Scalito & Scooter

Two nicknames have been in the news as of late. The first is Scalito, a name given to Samuel Alito, President Bush’s latest nominee to replace Sandra Day O’Connor on the Supreme Court. The nickname is a play on two names, Alito’s and that of Justice Antonin Scalia. Both judges are very conservative and the blending of their names emphasizes the similarities in their respective judicial philosophies.

Alito’s nickname is just about a year old, or at least that’s as far back as the blog search engine Technorati (http://www.technorati.com) can trace it. On 4 November 2004, the blog Serendipity contained this fragment, "With old Rehnquist’s health in decline, rumor has it that Samuel A. Alito Jr… been nicknamed Scalito because is just like Antonin Scalia." Unfortunately, that blog no longer exists and all that is left is this fragment returned by Technorati. But even without the entire context, it is clear that the blog’s author did not coin the term.

The use of the nickname Scalito is pretty much restricted to those who oppose Alito’s confirmation to a seat on the court. It is not a flattering nickname. Besides connoting that Alito is not an independent thinker, the –ito is Spanish suffix meaning little, a little Scalia as it were.

Not all nicknames are pejorative, however. Another Bush administration nickname in the news is Scooter, the moniker if Vice President Cheney’s former chief of staff, I. Lewis Libby. Libby was indicted for perjury, lying to federal officials, and obstruction of justice in the CIA leak scandal. Libby uses the nickname himself, apparently preferring it to his given name—so much so that no one is really quite sure what the "I" stands for. At various times it is given as Irv, Irve, or Irving.

And the origin of his Scooter nickname is also in doubt. At various times Libby himself has told different stories about the origin. He has said his father dubbed him that as a baby after watching him scoot about his crib. On other occasions he has claimed that it was a childhood comparison with Yankee shortstop Phil Scooter Rizzuto. "I had the range, but not the arm," claimed Libby at one point.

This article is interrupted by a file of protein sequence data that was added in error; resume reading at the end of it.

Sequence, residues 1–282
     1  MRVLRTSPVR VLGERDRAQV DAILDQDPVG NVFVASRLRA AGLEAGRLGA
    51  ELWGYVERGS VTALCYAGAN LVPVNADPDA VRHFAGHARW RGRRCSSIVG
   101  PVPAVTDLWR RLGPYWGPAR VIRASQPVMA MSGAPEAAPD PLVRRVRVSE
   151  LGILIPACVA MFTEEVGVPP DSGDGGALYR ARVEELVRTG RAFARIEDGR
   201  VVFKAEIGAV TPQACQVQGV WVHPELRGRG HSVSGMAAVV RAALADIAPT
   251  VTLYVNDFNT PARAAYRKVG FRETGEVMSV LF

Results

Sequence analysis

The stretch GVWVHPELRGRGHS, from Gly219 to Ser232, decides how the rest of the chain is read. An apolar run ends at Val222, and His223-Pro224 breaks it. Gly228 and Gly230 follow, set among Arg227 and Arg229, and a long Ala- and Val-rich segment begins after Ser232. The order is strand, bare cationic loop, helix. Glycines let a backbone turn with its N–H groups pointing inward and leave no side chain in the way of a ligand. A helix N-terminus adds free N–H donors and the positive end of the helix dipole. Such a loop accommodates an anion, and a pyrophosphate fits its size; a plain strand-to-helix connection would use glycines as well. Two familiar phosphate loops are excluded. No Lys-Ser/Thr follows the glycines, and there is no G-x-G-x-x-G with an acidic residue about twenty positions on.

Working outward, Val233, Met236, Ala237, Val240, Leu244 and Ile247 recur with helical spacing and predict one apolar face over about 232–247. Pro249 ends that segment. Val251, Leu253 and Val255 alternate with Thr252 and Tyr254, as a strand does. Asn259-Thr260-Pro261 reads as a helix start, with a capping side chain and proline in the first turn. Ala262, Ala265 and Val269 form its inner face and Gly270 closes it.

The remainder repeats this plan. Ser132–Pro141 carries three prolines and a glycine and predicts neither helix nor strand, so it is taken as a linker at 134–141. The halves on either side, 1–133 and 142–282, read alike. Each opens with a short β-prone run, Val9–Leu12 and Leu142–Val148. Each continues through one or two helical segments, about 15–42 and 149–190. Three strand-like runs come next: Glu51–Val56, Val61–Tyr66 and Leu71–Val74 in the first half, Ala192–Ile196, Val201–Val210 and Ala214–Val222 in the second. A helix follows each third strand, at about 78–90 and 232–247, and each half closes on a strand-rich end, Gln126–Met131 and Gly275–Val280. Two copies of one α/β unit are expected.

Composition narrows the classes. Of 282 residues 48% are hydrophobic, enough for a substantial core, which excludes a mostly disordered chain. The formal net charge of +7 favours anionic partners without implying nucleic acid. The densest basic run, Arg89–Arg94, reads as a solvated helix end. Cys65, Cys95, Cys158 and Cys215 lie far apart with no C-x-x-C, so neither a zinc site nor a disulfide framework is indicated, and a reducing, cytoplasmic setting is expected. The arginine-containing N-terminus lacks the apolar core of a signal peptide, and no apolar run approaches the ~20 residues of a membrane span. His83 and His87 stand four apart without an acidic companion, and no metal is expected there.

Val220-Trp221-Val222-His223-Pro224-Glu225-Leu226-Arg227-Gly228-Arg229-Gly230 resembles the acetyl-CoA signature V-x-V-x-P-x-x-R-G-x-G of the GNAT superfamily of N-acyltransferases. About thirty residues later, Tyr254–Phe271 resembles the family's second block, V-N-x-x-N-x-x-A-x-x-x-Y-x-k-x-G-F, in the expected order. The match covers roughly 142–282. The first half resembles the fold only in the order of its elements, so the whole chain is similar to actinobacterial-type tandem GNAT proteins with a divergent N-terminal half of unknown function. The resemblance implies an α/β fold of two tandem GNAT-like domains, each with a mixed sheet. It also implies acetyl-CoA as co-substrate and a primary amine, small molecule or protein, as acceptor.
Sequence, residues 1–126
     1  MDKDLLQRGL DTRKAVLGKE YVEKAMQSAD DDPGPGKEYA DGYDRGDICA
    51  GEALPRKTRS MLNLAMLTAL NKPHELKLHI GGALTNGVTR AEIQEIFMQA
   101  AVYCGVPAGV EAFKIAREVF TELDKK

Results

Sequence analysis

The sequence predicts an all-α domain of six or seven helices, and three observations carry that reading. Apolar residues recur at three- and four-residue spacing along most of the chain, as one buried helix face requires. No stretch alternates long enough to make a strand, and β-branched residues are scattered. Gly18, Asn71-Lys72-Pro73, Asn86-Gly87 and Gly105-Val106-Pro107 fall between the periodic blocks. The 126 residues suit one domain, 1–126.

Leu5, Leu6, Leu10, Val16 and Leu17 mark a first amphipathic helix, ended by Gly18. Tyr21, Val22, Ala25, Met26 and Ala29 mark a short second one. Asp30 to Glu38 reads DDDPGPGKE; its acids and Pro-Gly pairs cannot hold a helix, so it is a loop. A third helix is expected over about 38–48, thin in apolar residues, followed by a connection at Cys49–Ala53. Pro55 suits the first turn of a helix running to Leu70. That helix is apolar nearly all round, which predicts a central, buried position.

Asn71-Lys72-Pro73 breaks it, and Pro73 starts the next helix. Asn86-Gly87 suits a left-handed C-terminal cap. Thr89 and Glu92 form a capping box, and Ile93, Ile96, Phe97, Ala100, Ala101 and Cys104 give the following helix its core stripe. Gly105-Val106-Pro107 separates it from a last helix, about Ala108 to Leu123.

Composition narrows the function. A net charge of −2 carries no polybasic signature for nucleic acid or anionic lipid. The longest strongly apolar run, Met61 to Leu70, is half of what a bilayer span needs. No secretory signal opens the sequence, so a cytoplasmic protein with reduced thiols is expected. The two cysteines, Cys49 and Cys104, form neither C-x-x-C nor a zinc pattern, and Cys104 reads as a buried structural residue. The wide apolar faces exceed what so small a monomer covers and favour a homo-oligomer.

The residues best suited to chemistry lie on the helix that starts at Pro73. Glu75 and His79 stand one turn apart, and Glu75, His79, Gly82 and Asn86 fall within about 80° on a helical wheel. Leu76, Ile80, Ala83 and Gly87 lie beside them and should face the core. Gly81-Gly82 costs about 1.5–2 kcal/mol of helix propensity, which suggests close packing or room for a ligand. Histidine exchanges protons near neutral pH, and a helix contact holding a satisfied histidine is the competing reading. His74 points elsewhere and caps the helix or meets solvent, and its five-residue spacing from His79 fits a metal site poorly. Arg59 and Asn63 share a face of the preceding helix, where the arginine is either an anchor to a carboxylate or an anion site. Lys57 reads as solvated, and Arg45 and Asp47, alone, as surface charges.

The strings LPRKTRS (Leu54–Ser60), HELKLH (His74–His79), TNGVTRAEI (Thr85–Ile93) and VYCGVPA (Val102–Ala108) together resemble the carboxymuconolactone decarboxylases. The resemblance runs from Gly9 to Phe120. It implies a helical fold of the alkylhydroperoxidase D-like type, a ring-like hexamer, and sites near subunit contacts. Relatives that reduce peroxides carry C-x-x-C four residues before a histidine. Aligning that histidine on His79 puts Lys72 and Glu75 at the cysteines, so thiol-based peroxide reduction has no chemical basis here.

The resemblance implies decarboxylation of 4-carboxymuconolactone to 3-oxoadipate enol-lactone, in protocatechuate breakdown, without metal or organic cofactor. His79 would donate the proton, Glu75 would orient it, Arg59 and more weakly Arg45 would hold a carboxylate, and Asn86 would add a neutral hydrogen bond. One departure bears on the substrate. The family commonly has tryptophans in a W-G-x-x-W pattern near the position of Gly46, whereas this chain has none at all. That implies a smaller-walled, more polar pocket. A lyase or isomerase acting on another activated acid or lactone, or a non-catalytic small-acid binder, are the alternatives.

We all know what a nickname is, but many of us probably don’t know how that word came to be. Why is it nick? The answer is in something linguists call metanalysis. The word was originally ekename, eke (additional) + name, and dates to the beginning of the 14th century. About 140 years later it had become nekename. Through the process of metanalysis, the N in the article an migrated to the noun, an ekename became a nekename.

Nickname is not the only example of metanalysis. Napkin is another example. The process works in the other direction as well. Orange was once naranj and apron was naperon.

The Bush administration is no stranger to nicknames. The president is, of course, Dubya (a reference to his middle initial W) or 43 (he is the 43rd president; his dad is 41). Bush, himself, is rather famous for bestowing nicknames on people. Russian President Vladimir Putin is the unflattering Pootie-Poot and British Prime Minister Tony Blair is Landslide. His advisor Karl Rove is alternately Boy Genius or Turd Blossom, depending on how the president feels about him that day. Colin Powell is The World’s Greatest Hero, a name that can be either positive or negative depending on tone of voice. Vice President Cheney is Big Time, a reference to a famous incident involving a four-letter word. Condoleezza Rice is Guru, after her tutoring in foreign policy, and not as the comic strip Doonesbury joked Brown Sugar. Three people share the nickname Big O, Senator Olympia Snowe, former Treasury Secretary Paul O’Neill, and TV personality Bill O’Reilly. New York Times columnist Maureen Dowd is The Cobra, evidently for her venomous columns attacking the administration. Former Enron Chairman Kenneth Lay was Kenny Boy, but Bush hasn’t been that chummy with him of late.

It is doubtful that Bush ever referred to Judge Alito as Scalito, although he has been known to call Harriet Miers Bulldog In Size 6 Shoes.

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